This is part two of a recommended reading list that helped inspire and supplement the ideas in my book Teaching is Not a Four Letter Word. These are, in my opinion, your must-reads for surviving and thriving in education.
Seth Godin - Godin is a marketing and entrepreneurship guru whose ideas translate easily to what teachers need for the classroom. Read Seth Godin Ideas Every Educator Should Read and 5 More Seth Godin Ideas Every Educator Should Read for examples.
Lifehacker - As I wrote last year: "Lifehacker has consistently been one of the most useful websites for me in and out of the classroom since I first started reading it. It's a blog focused on productivity and efficiency--two keys for a long, successful career in education." Read some examples in Five New Resources for Teachers from Lifehacker and find more in most weeks of Five for Friday.
Eduwonk - The best place to keep up with what's going on in education news, research and reform across the country, written by Andrew Rotherham (who is a co-founder of Bellwether Education Partners and writes the "School of Thought" column for TIME). I had the pleasure of meeting Mr. Rotherham a couple of months ago and his passion for quality research and writing about education is inspiring. His colleague Sara Mead writes a thoughtful, well written education policy blog for EdWeek that's also worth your time.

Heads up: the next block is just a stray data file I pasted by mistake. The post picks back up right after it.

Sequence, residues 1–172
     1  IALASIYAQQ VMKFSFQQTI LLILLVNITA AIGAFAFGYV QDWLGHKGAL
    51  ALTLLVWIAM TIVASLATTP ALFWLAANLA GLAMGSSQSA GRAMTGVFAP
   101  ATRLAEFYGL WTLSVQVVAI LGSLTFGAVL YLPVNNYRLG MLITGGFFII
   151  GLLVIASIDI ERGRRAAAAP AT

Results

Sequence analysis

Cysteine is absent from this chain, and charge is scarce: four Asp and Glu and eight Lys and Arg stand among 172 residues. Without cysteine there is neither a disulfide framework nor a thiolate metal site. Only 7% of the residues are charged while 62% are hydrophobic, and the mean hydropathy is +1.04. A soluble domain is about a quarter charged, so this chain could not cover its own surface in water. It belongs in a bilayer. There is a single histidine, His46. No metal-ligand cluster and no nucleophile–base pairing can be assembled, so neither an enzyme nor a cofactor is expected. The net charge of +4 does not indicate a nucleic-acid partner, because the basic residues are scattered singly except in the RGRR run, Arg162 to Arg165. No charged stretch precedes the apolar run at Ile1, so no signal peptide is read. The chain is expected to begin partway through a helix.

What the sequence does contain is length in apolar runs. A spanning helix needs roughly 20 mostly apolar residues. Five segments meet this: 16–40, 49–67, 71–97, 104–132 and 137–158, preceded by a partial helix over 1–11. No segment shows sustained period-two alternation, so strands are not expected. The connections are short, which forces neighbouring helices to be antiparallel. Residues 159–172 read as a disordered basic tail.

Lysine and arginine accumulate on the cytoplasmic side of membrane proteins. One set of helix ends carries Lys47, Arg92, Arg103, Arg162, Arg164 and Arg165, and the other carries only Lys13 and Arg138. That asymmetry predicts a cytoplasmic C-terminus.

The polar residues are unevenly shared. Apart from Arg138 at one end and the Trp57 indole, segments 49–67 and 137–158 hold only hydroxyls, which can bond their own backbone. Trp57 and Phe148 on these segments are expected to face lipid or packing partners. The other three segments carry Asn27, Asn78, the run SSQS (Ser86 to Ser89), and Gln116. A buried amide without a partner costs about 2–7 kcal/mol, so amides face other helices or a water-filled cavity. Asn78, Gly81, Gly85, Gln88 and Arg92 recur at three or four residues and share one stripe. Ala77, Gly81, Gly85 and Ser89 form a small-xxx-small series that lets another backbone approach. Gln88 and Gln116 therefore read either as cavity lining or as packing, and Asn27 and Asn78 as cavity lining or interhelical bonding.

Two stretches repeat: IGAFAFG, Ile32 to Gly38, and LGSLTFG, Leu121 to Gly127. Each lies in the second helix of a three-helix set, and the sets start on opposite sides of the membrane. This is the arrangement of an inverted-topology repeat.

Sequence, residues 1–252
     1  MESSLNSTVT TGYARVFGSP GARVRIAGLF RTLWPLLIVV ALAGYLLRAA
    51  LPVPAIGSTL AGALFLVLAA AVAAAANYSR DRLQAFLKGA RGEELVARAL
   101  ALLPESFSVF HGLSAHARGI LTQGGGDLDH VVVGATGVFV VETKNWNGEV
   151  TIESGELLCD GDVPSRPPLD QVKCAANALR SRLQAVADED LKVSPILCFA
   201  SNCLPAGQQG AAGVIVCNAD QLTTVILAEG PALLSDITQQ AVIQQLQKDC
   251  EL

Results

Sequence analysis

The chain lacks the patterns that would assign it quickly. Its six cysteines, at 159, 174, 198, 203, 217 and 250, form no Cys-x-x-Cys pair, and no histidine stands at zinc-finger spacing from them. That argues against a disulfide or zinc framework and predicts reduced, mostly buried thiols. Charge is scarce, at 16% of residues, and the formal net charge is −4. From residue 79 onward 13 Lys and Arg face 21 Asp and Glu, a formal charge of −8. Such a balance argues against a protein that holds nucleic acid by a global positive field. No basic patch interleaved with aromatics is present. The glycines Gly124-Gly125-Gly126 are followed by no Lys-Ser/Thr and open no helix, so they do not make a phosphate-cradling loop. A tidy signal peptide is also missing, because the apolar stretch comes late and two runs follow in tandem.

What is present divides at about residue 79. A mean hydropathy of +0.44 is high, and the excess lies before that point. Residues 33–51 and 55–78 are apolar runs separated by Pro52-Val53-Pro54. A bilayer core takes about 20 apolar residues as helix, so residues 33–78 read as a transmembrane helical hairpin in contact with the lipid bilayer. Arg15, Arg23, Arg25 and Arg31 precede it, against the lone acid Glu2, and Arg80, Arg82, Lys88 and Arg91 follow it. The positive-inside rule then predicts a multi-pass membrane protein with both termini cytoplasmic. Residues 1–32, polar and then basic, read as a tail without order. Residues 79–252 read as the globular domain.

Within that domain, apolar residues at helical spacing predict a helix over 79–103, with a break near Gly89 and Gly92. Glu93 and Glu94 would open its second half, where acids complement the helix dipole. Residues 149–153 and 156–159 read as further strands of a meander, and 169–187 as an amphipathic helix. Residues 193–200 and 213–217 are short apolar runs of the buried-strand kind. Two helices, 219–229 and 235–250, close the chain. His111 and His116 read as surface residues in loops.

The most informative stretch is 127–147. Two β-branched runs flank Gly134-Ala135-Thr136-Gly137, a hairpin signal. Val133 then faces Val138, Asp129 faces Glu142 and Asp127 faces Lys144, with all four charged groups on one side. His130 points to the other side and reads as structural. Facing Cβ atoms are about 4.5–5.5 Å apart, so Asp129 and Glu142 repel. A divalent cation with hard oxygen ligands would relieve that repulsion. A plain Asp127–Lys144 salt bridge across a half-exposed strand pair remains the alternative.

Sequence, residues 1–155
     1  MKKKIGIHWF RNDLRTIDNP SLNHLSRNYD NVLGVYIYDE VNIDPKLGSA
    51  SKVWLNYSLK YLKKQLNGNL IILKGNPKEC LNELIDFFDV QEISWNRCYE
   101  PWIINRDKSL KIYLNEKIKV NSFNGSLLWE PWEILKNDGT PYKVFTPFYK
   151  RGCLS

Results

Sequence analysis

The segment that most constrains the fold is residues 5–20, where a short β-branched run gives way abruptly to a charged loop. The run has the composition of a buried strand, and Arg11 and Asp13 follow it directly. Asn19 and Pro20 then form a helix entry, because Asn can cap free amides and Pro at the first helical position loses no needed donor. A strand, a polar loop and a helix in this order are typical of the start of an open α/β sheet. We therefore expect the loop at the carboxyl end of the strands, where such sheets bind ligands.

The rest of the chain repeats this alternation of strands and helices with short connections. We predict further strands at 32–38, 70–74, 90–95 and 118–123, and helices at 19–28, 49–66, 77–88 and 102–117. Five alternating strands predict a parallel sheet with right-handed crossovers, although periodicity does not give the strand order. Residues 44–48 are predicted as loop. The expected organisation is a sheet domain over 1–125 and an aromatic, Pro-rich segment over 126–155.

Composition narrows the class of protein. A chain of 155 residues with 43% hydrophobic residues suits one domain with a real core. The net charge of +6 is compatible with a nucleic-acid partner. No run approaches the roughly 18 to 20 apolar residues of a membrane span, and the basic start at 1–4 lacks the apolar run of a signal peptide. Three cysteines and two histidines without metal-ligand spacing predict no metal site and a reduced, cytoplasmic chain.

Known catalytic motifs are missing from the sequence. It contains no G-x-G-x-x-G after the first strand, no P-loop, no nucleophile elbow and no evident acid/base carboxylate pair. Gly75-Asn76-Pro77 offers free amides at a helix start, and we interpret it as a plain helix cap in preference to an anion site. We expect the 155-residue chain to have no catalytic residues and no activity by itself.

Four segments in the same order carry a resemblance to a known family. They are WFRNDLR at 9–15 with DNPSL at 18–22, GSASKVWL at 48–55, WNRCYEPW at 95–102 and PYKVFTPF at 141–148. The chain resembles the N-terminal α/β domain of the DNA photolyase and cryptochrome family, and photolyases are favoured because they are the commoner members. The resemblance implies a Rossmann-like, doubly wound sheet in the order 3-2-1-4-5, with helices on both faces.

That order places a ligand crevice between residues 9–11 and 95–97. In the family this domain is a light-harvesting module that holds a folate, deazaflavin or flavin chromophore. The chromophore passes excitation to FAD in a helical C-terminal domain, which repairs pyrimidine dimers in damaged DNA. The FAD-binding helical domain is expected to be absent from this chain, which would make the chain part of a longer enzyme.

Twitter - Even though most of my experience with the social media juggernaut began after my book was published, the power of Twitter to help you learn and grow is unmatched. It's the most fully realized version of the personal learning network idea suggested throughout the book.
Facebook - If you haven't opened yourself to the possibilities of Facebook as a classroom resource, check out pages I used in my Algebra 1 and MMA classes this year. That experiment is a realization of my dream to integrate social media into the classroom, and while it did not work out as I would have liked, it's a huge step in the right direction. The most popular website in the world is also a great way to network with other teachers.
I tried to focus on the resources I used before (and since) I published the book, so of course there are many other resources I've learned about since then that are just as indispensible. That, however, is a subject for another time. Check out yesterday's post for more!